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You Have to Fake it to Make It – the Art of Camouflage

Female Ring-necked Pheasant lies hidden in the grass (Look towards left side of photo) – Photo by John Parke

Walking through a field with my Dad at the Flat Brook Wildlife Management Area in Sussex County, I paused to look at a plant that I did not recognize. As I examined the leaves of the plant, I suddenly realized that I too was being examined. A female Ring-necked Pheasant only inches away was staring up at me as she laid perfectly still among the grasses.

 

 

A male Northern Bobwhite Quail (center of photo) hidden in the grasses in the NJ Pinelands. Photo by John Parke

In nature it is all about survival of the species, any kind of advantage that can increase survival ultimately becomes key to that species’ chance of successful reproduction to perpetuate the species. Animals have evolved many adaptations that help them find food or keep them from becoming food.

Natural camouflage is one of the most diverse and widespread ways that an animal can conceal itself from predators or prey. Using body position, texture, colors and patterns on their bodies, animals blend into their environments almost giving them the gift of invisibility.

 

There are four basic types of camouflage:

  • Concealing Coloration: The animal can hide itself against a background of the same colors. A classic example is

    An Eastern Screech Owl sits silently amongst the trees (Note this is a close up of the same owl in the banner photo of this blog). Photo by John Parke

    the Snowshoe Hare in winter, hidden against the snow.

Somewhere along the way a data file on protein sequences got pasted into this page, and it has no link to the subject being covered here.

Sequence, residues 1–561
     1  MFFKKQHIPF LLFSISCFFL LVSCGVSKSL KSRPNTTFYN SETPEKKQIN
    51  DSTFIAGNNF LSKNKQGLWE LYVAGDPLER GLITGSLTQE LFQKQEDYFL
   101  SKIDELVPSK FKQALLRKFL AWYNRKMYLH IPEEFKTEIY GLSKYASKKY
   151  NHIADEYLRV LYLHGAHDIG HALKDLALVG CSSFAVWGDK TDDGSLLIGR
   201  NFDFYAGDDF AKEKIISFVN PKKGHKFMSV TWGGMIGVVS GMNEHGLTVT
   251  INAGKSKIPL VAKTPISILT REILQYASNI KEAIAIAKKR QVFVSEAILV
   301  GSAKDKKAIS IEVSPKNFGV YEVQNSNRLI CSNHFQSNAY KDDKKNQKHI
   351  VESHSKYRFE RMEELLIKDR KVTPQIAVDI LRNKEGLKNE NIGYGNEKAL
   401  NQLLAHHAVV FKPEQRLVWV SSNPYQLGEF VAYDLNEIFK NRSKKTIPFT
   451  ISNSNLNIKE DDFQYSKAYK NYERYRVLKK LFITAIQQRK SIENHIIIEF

• Disruptive Coloration: The patterns on the animal make it hard to see the outline of its body or when grouped together with animals of the same species the animal looks bigger than what it really is. Examples include flocks of birds and schools of fish.

 

  • Disguise: Although this is a lot like concealing coloration, the exception is the animal blends in with its surroundings by its shape or the texture of its body covering. Examples include Stonefish that look like a rock or a Least Bittern that when alarmed will freeze in place with its body stretched out, bill pointing up and swaying to resemble windblown marsh vegetation.

 

  • Mimicry: This includes animals that are imposters of other animals and by doing so are mistaken for the real animal that is typically avoided by others. Classic examples include the Viceroy Butterflies (impersonating the unpalatable Monarch), Scarlet King Snake, (impersonating the venomous Coral Snake), or the Hoverfly (impersonating a stinging wasp).

    A Hover Fly is left alone from predators as it resembles a Yellow-Jacket Wasp while gathering pollen from a sunflower. Photo by John Parke

Remember, birding, wildlife watching and spending time outdoors helps build your powers of observation and refine your ability to pay attention to detail. The more you get outside the better you become at recognizing the world around you. So, get out there, pay attention to detail and look close at not just the animal, but the habitat and cover too, because you never know what else might be inches away, watching you!

Have some good animal camo photos you took in the field, send them to us and we will post a few!  Send to  John.parke@njaudubon.org